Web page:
My Novel, Child of Duende: A Journey of the Spirit, is about awakening this spirit within and finding home. It’s available on Amazon at Amazon Page  or at www.michelleadam.net. It can be ordered at a local bookstore as well. Also, watch a brief video on “duende”, “the spirit of the earth”: YouTube Video

 

 

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54. I Want to Challenge You

 

Blog 54: June, 1999: I want to challenge you—yes, you, reader of this blog—to ask yourself: “What is my hunger?” Last week, I wrote about hunger, about my hunger of almost 20 years ago, and my current hunger. As I perused my journal last week, as I do every time I write this, I came across a piece of writing on hunger that struck a cord. So, I decided to create Part 2 of last week’s blog. Here it is, beginning with my journal entry from years ago:

“As I write this, I can hear the voices that have challenged my hunger all along,” I wrote in June, 1999. “The voice is that I am alone, that this hunger belongs only to me, and that everyone is quite normal in their view and understanding of the world. This is a strange and pathetic lie that I grew up with, that you many have grown up with: that we have no hunger; that we have no “self” that is incapable of rationalizing the answers to our existence; that we need no answers because we are the pathetic answer that walks this earth pretending to know—pretending to know that we live and die without much more to our existence; pretending that we are not vulnerable, that we do not break, that this world cannot break us and hurt us and teach us to love.”

These words from years ago may seem harsh, yet I grew up in a family where emotions were rarely expressed. My ancestors had fertilized the ground we walked on with potent seeds of stoic strength that they’d grown so they could survive horrid wars, immigration, and challenging life lessons. Yet, this stoicism masked a grief that needed, one day, to be unearthed.

“I intend to speak to those whf77ad40934475fcab37c7a5736a3b646o find my words resonating with them. Otherwise, why read? Art is, after all, this wonderful world in which we can share, express, and crawl out to the edge of a limb and cry out our existence so those who are afraid to climb can see that it is alright, that we were meant to climb, to sing, to explore this world that is only ours right now,” I wrote. “I can’t believe that this hunger is not in every breathing soul that exists—from the Buddha who found peace, to the musician who, with all her might, sings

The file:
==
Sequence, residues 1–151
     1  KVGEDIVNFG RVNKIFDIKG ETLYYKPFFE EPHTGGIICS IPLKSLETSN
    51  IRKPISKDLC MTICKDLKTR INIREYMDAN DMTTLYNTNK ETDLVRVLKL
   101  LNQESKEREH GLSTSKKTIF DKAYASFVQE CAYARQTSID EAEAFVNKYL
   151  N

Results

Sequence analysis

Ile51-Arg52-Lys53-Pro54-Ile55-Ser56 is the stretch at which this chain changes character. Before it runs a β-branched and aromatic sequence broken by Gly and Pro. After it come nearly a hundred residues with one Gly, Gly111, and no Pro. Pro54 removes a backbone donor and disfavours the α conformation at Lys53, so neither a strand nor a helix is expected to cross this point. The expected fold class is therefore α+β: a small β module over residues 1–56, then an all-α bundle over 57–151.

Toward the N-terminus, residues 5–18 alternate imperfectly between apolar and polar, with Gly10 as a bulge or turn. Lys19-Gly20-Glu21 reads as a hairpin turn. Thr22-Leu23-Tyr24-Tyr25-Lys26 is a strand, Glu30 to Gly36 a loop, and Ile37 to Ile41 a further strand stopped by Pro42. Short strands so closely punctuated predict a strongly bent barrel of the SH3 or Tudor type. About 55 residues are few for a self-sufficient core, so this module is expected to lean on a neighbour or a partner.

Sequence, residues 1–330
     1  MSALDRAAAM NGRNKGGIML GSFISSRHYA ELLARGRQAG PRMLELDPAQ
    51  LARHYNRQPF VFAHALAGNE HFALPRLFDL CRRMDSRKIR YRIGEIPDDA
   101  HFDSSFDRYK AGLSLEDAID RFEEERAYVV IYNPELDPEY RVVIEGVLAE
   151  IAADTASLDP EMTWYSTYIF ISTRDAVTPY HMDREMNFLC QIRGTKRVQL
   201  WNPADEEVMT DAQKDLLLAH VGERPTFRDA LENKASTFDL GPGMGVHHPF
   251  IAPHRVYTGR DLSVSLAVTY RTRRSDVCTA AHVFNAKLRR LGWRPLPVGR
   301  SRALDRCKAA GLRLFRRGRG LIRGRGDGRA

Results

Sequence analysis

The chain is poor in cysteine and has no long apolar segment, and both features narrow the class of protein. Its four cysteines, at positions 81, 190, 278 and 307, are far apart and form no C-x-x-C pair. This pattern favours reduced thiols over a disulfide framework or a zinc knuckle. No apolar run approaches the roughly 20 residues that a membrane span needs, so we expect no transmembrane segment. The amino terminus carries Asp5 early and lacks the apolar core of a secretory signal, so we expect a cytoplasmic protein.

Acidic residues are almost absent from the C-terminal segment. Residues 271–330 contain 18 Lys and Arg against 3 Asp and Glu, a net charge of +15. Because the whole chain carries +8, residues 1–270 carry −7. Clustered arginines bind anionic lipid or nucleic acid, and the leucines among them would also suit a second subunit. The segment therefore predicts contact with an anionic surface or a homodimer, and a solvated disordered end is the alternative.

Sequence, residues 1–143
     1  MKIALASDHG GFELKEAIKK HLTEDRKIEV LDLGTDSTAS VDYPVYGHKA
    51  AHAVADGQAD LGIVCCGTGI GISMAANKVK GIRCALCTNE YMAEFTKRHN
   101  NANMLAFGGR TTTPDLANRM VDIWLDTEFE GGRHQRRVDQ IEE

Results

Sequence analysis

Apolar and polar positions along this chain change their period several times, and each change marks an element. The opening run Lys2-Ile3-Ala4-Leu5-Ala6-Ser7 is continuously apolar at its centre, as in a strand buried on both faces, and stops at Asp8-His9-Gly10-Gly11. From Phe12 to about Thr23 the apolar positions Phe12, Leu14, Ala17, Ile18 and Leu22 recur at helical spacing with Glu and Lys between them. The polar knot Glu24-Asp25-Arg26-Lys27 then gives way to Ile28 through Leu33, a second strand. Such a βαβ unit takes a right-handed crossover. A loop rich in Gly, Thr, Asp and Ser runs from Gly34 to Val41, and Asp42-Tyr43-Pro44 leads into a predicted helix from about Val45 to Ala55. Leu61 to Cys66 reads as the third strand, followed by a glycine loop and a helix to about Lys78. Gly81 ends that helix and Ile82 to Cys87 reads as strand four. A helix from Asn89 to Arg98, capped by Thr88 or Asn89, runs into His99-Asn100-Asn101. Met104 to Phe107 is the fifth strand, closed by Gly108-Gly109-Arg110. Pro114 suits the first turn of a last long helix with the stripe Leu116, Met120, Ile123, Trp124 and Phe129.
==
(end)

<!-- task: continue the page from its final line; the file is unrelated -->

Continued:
to us a kind of longing that only a song can sometimes do so well. I have seen hunger in my father’s eyes—in the way he cannot keep still, driving wherever he can to find his hunger sated for brief moments. Or in my mother, in her later years, wanting so much to find warmth in companionship.”

Most recently, my father’s hunger was there until the very end of his life, days before he died, on February 23, 2017. He longed to walk, to try one last time, as his legs gave in below him. He longed to join us for a toast and dinner at the table, to be a part of the life. He longed for peace from pain, for some understanding, it seemed, of what awaited him after life. My family and I all longed to be there with my father, to feel the tenderness of his final weeks that had been absent many years earlier. I longed to be there to help my father transition, to breathe every last breath with him, knowing each one could mark the end.

As I sit now, alone, writing, feeling the reality of all that has passed, and of my father who is no longer here, I wonder about this thing we call life. No rational mind, no preset ideas, no justification for my father’s passing—at 79 years old, and no earlier or later—can change or ease this reality of life and death. Despite all I’ve learned about life, and spirit, and all that passes, I still ask myself, “Why?” “Why does all life leave its form to become something else?” “Why do we, as humans, have to feel loss?” There’s a hunger in that. There’s a grief. There’s a stark reality that life is so immensely precious, and that any denial of our hunger to live this life as fully as we know how, now, and no minute later, would be a lie toward life itself.